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Downsizing

Moving from a Class A 50 amp to a Class A 30 amp, what will I lose?

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6 hours ago, mptjelgin said:

Is this that new math where 100 - 30 = 80??

Actually it's 80 amps - 24 amps = 56 amps since neither circuit should be loaded more than 80% for any length of time.

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7 hours ago, Lou Schneider said:

Actually it's 80 amps - 24 amps = 56 amps since neither circuit should be loaded more than 80% for any length of time.

I agree that this would be the proper way to consider things, but I seriously doubt if many  RVers worry about the "safe continuous load" on their electrical systems.  They run as many things as they can until they trip the pedestal breaker!  When it's summer and you have 2, 3 or more A/C's you just turn them on and let them rip!

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The Alante when equipped with two 11,000 btu units comes with a 'power management system' and/or an 'energy management system'...

I can't find exact specs on this system but if it is like some aftermarket systems I have seen, I suspect it manages the two A/C units so that both compressors are not running at the same time. 

You should call or email Jayco and ask about it before you spend your money, especially if you plan to spend time in higher temperature locations. 

 

 

Edited by podwerkz

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4 hours ago, docj said:

They run as many things as they can until they trip the pedestal breaker!  When it's summer and you have 2, 3 or more A/C's you just turn them on and let them rip!

You are probably correct, but the first post asked about the difference between 30A and 50A service. That breaker (like all such circuit breakers) actually has 3 trip points. They are long time, which means continuous, short time for such things as starting currents, and instantaneous, which is for a direct short or extremely high load. Typical long time trip setting is about 80% of the breaker's rated capacity.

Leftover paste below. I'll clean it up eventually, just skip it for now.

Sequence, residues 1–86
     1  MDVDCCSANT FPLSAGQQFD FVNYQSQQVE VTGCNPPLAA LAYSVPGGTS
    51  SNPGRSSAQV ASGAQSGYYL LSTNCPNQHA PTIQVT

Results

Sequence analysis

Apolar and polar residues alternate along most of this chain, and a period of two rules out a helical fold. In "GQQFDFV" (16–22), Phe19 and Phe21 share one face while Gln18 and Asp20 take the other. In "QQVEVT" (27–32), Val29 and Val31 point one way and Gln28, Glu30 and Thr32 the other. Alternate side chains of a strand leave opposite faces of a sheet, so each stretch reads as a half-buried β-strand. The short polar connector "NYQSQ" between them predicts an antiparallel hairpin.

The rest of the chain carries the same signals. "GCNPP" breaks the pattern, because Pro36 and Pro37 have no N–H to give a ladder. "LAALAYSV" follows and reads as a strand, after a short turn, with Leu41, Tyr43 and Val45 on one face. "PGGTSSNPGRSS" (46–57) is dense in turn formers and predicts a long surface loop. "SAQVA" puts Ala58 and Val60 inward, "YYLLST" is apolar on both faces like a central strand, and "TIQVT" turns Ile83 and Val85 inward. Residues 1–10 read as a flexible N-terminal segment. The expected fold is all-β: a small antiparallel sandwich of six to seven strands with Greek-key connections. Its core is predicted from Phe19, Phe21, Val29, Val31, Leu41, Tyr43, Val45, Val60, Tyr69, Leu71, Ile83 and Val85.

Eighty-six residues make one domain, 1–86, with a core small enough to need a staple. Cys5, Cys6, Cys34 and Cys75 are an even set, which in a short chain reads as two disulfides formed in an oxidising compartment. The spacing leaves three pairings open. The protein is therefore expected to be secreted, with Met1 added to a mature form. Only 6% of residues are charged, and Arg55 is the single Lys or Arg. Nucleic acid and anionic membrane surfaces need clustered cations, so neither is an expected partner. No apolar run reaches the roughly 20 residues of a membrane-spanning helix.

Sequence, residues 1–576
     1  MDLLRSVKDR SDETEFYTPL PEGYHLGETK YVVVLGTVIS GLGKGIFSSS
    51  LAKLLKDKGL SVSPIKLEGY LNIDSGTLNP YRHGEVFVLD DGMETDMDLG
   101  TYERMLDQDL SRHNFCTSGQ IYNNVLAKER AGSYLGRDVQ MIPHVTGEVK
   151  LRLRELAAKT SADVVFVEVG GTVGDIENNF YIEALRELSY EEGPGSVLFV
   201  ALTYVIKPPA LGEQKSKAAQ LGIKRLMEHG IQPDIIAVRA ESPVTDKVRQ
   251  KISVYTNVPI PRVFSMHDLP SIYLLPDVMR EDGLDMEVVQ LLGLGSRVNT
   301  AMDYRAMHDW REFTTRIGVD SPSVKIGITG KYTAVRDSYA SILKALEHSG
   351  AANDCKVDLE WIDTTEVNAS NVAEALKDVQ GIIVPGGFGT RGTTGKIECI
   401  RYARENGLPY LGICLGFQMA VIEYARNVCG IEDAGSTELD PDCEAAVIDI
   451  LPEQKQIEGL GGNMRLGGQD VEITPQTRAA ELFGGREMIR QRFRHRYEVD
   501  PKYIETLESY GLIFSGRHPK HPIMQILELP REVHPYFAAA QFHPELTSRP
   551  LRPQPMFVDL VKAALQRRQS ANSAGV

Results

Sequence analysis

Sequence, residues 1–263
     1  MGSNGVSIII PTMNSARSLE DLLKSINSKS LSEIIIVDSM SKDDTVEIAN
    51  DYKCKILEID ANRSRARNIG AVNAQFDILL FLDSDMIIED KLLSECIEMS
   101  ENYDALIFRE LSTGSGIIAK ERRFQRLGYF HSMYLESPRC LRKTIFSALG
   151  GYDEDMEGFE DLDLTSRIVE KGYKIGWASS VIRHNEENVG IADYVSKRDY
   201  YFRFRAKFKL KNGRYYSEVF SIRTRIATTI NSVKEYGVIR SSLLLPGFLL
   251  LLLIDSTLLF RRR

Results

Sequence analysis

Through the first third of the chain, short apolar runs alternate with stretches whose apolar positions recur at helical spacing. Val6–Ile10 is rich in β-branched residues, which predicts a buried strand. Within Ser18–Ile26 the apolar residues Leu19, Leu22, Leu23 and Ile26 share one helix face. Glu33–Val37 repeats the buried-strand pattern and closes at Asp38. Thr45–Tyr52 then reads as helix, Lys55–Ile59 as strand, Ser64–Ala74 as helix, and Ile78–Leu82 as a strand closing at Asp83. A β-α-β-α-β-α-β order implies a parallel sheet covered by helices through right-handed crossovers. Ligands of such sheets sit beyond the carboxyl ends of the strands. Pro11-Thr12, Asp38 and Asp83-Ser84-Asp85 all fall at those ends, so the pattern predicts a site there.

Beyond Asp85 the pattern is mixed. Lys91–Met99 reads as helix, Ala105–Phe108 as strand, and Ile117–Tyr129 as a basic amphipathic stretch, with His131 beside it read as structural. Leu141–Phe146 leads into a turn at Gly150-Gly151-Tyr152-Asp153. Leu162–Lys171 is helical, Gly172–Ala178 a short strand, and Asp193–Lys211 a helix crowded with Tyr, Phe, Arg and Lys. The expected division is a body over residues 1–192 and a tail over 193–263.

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5 hours ago, docj said:

I agree that this would be the proper way to consider things, but I seriously doubt if many  RVers worry about the "safe continuous load" on their electrical systems.  They run as many things as they can until they trip the pedestal breaker!  When it's summer and you have 2, 3 or more A/C's you just turn them on and let them rip!

I think you are right and this leads to breaker failure and burnt plugs.  Depending on a single device to routinely keep wires from getting hot enough to burn and start a fire seems risky to me. Electrical codes have a minimum service size for this reason and many try to operate these same appliances in their RV.  As I said earlier I think 30A service in an RV is just a way to cut costs, safety be damned.

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19 hours ago, hemsteadc said:

except for the misspelling

Correcting spelling on these forums is unnecessary.  We see auto-correct errors all the time that slip by.

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If you are still reading this, it would be nice to know whether the replies have been helpful and what you may still wish to know.

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On 10/24/2019 at 3:32 PM, Randyretired said:

I think you are right and this leads to breaker failure and burnt plugs.  Depending on a single device to routinely keep wires from getting hot enough to burn and start a fire seems risky to me. Electrical codes have a minimum service size for this reason and many try to operate these same appliances in their RV.  As I said earlier I think 30A service in an RV is just a way to cut costs, safety be damned.

Guess that statement dates me; I remember when we thought it was great going from a 15A truck camper to a 30A TT.

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6 minutes ago, Ray,IN said:

Guess that statement dates me; I remember when we thought it was great going from a 15A truck camper to a 30A TT.

Ours was a 15A popup to a 30A travel trailer. It seemed that we had power to waste! There will always be a legitimate market for the less expensive RVs that have only 30a. Our present 20' travel trailer could hardly make use of a 50A supply. 

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